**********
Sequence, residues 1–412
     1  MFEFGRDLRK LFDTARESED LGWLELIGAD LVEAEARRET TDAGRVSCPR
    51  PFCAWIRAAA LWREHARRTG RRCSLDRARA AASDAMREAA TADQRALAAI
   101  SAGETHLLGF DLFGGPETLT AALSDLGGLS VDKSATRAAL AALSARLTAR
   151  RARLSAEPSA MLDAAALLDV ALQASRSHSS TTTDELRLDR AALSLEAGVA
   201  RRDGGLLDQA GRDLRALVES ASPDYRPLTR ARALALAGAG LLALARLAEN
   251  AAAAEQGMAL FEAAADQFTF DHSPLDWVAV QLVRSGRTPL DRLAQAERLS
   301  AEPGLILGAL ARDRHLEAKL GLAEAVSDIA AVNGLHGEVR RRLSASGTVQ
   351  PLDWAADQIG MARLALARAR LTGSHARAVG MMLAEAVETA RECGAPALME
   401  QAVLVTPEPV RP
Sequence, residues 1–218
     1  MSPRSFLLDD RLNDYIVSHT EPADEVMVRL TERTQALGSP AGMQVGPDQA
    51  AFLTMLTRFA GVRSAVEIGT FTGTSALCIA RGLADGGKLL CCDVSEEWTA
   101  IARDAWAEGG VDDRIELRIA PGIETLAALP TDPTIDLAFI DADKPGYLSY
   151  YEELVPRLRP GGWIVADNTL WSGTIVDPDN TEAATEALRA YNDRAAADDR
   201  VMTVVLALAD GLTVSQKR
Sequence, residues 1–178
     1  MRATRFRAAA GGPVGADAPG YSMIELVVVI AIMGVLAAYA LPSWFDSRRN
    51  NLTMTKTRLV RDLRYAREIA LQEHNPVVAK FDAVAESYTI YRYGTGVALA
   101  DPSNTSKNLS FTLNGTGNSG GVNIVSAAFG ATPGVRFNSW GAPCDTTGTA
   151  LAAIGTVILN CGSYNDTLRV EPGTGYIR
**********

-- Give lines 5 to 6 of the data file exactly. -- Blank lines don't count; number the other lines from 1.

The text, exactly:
   151  RARLSAEPSA MLDAAALLDV ALQASRSHSS TTTDELRLDR AALSLEAGVA
   201  RRDGGLLDQA GRDLRALVES ASPDYRPLTR ARALALAGAG LLALARLAEN